Other parish schools had been redeveloped on their existing sites, this is evident by the fact that in page 19 of the feasibility Study it states “The object of incorporating schemes 1B and 1C is to illustrate how the existing school could be remodelled to provide accommodation of a similar size and standard as the recently newly built primary schools such as St Clements’s and St Peter's schools. Not withstanding the comment neither scheme was advanced, the school was promptly placed on the Sites of Local Interest” and plans were then advanced to build on the field because as it was revealed at the Planning Meeting last Friday, it happened to be in public ownership.

For the past 6 months I have written letters to the local newspaper and kept the media and public informed via the publication of further Blogs. I had nominated the field in relation to the Diamond Jubilee Field’s Trust and held a public meeting. I am grateful for the support I received and thank those who attended the public meeting and submitted comments in line with the Planning Policy; however it is now evident that the Planning Minister had decided way back in March to approve the application and in the words submitted by one objector “the public consultation exercise was ‘a charade’ and the process seemed to be a ‘fait accompli’;

I am not aware of any disagreement regarding the need to upgrade or replace the existing school, that had been taken as a given way back. The only issue was whether the replacement should be on the existing site or on the school field. That should have been the only issue the Minister had to consider last Friday but he was simply not interested in that valid argument and clearly his mind was made up before last Friday and the meeting was indeed a farce.

Having for the first time, sat through the application process I can honestly say that it was a bizarre experience. Whilst there was much to be said about the flexibility given to the time allowed to speak, there are genuine concerns over the way the application process was conducted and the acceptance of over 200 submissions of support lodged some 9 weeks after the closing date. Normally 3 weeks is given for submissions, however because of the public meeting, additional time was given which in the end totalled 8 weeks. Most of the late submissions, which were in the form of a pro-forma given to parents by the school, were undated and the contact details removed by the Planning Department so there was no way any one could check the author’s validity. Notwithstanding the late submission their existence was used as support by the Planning Officer.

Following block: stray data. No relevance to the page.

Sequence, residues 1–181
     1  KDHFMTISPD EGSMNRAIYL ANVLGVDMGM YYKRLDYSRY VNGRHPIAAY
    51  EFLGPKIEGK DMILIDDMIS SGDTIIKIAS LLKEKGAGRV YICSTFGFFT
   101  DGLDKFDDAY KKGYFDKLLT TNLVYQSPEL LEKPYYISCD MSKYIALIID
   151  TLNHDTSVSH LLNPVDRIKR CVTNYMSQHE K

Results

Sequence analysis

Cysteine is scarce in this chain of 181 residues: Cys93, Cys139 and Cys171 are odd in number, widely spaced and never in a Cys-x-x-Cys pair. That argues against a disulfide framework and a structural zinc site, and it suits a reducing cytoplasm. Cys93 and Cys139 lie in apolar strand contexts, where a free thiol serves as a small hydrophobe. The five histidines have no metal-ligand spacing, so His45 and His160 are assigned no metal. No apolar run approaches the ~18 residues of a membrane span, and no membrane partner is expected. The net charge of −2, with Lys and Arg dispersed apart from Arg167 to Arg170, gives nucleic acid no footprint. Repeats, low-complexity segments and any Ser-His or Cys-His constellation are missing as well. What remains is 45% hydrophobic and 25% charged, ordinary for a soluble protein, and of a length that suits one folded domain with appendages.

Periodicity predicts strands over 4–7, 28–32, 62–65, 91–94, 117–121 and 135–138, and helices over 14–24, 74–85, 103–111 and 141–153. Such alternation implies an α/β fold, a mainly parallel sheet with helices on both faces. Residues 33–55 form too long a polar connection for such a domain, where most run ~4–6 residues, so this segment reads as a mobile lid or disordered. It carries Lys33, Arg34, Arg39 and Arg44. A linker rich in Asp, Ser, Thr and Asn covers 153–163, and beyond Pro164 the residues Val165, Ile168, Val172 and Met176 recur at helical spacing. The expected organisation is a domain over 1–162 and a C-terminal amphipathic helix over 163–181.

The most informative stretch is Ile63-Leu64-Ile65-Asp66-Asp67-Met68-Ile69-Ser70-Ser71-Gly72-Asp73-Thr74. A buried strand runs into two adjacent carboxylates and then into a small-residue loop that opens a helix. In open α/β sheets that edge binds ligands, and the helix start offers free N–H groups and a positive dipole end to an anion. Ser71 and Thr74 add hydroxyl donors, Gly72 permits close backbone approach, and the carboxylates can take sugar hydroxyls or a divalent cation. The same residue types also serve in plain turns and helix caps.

In his report the Planning Officer listed a number the points made by those in support or opposition, however the parish football club’s representative strongly refuted the claim that his club was happy with the current arrangement. He also stated that as his club is now homeless it is in grave danger of folding. Although temporary consent had now been given to train on the existing playing field that arrangement would end once construction began. He asked that if the application was approved, it should include a condition whereby the Education Department should re-house the club in the parish in line with UK policies.

The case for opposing the application was well made by the 4 objectors which included me. Simply, why build on the field when a school could be built on the existing site? Those in support were repetitive with their claim that the school should be replaced, which has never been disputed, however the Minister never asked any of them why the school should be built on the field rather than on the existing site and what affect if any, it would have on the children should they be temporarily re-housed in port-a-cabins during the new school’s construction.

The States Architect was asked to comment on the plans for the new school, but the Minister never asked him whether a fit for purpose school could be built on the site if the existing buildings were demolished? His failure to ask such an obvious question lends support to the belief that he had made his mind up before last Friday and he was merely going through the motions. Interestingly as the Minister failed to ask the question, I asked it and astonishingly the Officer said it was not possible and not even if the new build extended on to the hard standing area on the playing field.

The school is on a 3 vergee site and the hard standing area on the field provides a near additional half vergee, yet the States are employing architects who cannot draw up plans to build a school which has a near £8m budget on such a generous envelope.